New Year’s Readsolutions! Kurt Busiek’s Superman and Wolverine The Best There Is DECONSTRUCTED

First things first: Happy New Year!

As is obvious from my rigorous dedication to my craft – groundbreaking, conspiracy shattering, journalistic blogging which resonates like God’s Breath through 10 dimensions once read –  I’m the type triple-A-A-Alpha male who gets shit done. I set goals, handily beat those goals into submission, and briefly think about stealing those goals’ women before assessing them as Sub-Elevens and moving on.

This blog, and its blogger, are not so much about success as the literal translation of success – all its savory smells, pulsing tactility and liquid luxury – into the written word. Within these pages the simplest haiku transcends a mere verbatim description of the constant, grinding semi-sexual success you probably have only seen on TV or in your deepest comatose wet dreams. And I must, out of civic obligation, reserve essays and more scholarly think pieces to the “Saved but Unpublished Vaults.” Our world’s current disaster preparedness programs couldn’t handle the explosive forces of so many minds blown simultaneously. The dinosaurs, having mastered interstellar colonization, thought they could handle this type of stuff. All that’s left to show for that nonsense is a bunch of useless fossil fuels which, in reality, are just the transmogrified remains of their shocked and frightened souls.

You need welder’s goggles to read this blog.

And to write it I need balls the size of Jupiter with the density of neutron stars, a saddle forged of gleaming adamantium with sabre-toothed tiger fur padding, and a pair of spurs sculpted from Mt. Fuckin’ Everest in the mysterious shape of BLAZING NEURONS.

Check, check and check-fucking-mate.

So, as you can imagine, it’s a rare moment when I take time out of my busy schedule crushing life’s obstacles to really sit down and search my soul for possible shortcomings.  But even Superman needed a day job to force him to occasionally keep it real. He really didn’t need the gig as a cover – that was just comic book gobbledygook. What he really needed was the soulless grind of a 9 to 5 to interrupt his life’s journey to the top of Mount Par-Excellence. Walking into the office bathroom Monday morning, discovering Jimmy Olsen’s explosive, oil-painted homage to the weekend’s debauchery splattered across the linoleum prison-walls will make the greatest pause to reflect. Perry White pissed all over the toilet paper roll, Lois dumped her used tampons in the break room garbage can. X-Ray vision can not save you from these sordid surprises, and you don’t need super hearing to hear those wails of quiet desperation.

That’s what The Greats realize. Challenges hone our skills. And since the majority of our peers offer little more than window dressing in our personal, perpetual parade routes, we must challenge ourselves. That’s what makes The Greats the The Greats. That, and generations of unfettered Atlantean Eugenics.

New Year’s Resolutions are perfect for this. They only come around once a year, which is just about the frequency we ubermensch need to fiddle with our master plans. Plus, you create your own rules. Let’s be honest, who else is capable of doing a better job of creating a challenge for me? The barista at Starbucks? She never even realized that “dolphin” tattoo on her inner wrist is just a thinly disguise spurting penis, how’s she going to assess my glory?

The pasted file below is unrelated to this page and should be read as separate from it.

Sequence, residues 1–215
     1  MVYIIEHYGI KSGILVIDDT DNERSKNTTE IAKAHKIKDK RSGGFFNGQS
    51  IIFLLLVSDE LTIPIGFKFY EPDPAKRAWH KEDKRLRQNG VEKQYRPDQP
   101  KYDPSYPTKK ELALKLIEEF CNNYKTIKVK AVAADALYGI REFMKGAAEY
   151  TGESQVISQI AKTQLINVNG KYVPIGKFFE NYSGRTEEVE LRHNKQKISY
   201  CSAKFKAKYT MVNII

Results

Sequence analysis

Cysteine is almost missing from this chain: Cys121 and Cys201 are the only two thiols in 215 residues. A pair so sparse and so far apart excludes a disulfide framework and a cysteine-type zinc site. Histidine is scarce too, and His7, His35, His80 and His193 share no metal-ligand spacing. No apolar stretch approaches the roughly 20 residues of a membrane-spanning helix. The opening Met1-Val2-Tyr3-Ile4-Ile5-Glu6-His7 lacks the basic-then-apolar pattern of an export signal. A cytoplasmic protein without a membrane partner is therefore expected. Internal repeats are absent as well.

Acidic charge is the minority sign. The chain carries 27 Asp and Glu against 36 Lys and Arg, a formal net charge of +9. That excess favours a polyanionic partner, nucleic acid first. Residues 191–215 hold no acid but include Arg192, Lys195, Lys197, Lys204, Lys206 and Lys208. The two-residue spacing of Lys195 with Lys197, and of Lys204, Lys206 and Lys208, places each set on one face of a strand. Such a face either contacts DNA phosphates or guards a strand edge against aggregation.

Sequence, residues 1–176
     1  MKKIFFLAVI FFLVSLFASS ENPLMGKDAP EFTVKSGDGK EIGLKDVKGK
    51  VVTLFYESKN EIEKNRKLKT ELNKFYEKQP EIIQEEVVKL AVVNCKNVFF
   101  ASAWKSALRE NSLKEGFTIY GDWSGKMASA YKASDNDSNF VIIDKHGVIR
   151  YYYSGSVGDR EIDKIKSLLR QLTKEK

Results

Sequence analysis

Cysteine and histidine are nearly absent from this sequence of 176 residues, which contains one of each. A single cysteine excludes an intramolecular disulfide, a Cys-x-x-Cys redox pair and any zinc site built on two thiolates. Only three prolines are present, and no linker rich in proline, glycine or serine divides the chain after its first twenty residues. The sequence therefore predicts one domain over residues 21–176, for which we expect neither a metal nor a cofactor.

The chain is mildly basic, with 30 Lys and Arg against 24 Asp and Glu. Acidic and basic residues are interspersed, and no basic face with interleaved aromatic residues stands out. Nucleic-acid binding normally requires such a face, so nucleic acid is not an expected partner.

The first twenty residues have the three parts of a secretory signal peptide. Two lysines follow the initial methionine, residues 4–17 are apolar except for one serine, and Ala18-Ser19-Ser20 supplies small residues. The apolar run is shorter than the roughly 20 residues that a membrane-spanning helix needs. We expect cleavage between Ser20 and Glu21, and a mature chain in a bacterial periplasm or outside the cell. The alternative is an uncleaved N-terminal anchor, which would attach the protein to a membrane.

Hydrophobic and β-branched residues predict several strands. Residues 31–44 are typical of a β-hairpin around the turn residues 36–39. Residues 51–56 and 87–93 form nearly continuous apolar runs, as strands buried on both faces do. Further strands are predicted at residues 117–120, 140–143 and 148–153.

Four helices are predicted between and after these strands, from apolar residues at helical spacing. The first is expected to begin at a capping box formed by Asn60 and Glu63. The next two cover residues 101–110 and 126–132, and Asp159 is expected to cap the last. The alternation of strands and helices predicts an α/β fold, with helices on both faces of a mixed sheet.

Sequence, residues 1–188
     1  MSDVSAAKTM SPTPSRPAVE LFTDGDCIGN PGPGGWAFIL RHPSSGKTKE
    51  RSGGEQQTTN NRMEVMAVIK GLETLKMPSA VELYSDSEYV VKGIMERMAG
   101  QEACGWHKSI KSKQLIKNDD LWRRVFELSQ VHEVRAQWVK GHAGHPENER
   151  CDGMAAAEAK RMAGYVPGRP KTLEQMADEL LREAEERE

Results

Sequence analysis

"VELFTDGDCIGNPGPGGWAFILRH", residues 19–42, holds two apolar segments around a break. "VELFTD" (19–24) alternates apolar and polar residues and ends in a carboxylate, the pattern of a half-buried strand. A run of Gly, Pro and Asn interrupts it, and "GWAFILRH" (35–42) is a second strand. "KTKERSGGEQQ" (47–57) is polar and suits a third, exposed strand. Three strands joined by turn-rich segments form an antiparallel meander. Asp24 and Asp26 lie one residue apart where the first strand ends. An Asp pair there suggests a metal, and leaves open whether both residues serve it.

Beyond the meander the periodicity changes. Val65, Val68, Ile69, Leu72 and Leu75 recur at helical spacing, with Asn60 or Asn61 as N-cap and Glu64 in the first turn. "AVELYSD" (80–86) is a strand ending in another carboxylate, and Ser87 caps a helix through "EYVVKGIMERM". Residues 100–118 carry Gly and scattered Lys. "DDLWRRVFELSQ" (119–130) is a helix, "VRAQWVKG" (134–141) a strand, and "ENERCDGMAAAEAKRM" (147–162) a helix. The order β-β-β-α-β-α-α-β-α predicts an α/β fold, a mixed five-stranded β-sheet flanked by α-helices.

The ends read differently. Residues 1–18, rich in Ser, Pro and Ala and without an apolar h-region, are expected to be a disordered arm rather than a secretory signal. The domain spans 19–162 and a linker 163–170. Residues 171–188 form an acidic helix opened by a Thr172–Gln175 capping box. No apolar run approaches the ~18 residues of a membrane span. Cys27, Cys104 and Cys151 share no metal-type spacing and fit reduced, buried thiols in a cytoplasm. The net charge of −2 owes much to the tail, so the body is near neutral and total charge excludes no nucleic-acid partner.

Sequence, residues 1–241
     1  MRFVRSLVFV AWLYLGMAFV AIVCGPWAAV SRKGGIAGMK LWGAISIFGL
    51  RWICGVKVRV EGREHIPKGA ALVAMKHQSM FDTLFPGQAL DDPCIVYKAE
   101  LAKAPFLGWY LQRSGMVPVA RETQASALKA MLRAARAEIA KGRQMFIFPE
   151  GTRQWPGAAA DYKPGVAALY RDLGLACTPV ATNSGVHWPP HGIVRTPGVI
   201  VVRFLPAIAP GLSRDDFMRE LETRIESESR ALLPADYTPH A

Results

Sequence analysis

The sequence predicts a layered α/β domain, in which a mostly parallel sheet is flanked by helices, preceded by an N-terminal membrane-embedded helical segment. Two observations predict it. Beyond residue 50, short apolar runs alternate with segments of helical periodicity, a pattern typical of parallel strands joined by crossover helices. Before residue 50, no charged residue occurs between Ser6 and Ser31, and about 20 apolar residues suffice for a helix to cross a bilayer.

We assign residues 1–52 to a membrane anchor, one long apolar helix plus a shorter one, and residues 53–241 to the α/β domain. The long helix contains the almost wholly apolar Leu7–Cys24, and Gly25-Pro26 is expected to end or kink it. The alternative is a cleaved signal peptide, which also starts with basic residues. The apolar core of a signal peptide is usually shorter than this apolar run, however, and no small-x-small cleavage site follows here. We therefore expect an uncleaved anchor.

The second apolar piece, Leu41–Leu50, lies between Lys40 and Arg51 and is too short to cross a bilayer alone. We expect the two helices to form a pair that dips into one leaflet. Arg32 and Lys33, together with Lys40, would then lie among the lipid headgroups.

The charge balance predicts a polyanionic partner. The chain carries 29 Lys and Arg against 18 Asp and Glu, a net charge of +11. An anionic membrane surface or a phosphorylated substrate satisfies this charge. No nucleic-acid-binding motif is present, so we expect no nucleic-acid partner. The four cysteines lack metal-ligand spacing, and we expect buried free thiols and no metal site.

Long story short – time is money – my New Year’s Resolution for 2015 is to read and review more comic books. Perfectly reasonable and plausible, given all I’ve just said. Yes, yes!

SUPERMAN: Back in Action (TPB) – Kurt Busiek and Jose Luis Garcia-Lopez. 2 out of 5 stars.

I’ve read and reviewed Busiek’s works before and it’s always been a pleasure. His style and substance is both wholly unique and rewarding. He’s a top notch story teller with a master’s touch in developing characters and theme. To quote The Bard “He doth polish yon turds.”

It’s more of the same with this sparse trade paperback. Sparse. Trade paperback. SPARSE. Busiek takes what should be a turd – Earth invaded by intergalactic Auctioneer who steals landmarks and superheroes with the standard impunity while spitting satirical jargon and interacting with slapstick cohorts – and turns it into a tropical smoothie. It’s not his standard gourmet meal but, hey, it’s pallatable, and it’s decent filler material which rises above the mediocrity it was destined for.

Busiek’s trademark inner monologues, realistic dialogues and sense of introspection add a touch of depth to what should have been a bland rock-em-sock-em frag fest. There wasn’t much space, not enough pages, to turn this into a proper Busiek masterpiece, but he salvages (pun!) what he can, and gets a high enough price for it.

As a standalone story, this arc would deserve a 3 out of 5 star rating as it borders just a notch above average and is ultimately enjoyable. However, the decision to make this into a deluxe TPB, and then pad out the length of the book with throwaway vintage Superman work (while gorgeous, it certainly not essential here, thematically or logically) was a poor move. The value for the dollar just isn’t here at all, and it’s existence is unjustified. Rent it from the library, borrow it from the internet, but don’t buy this book unless you’re an absolute completionist.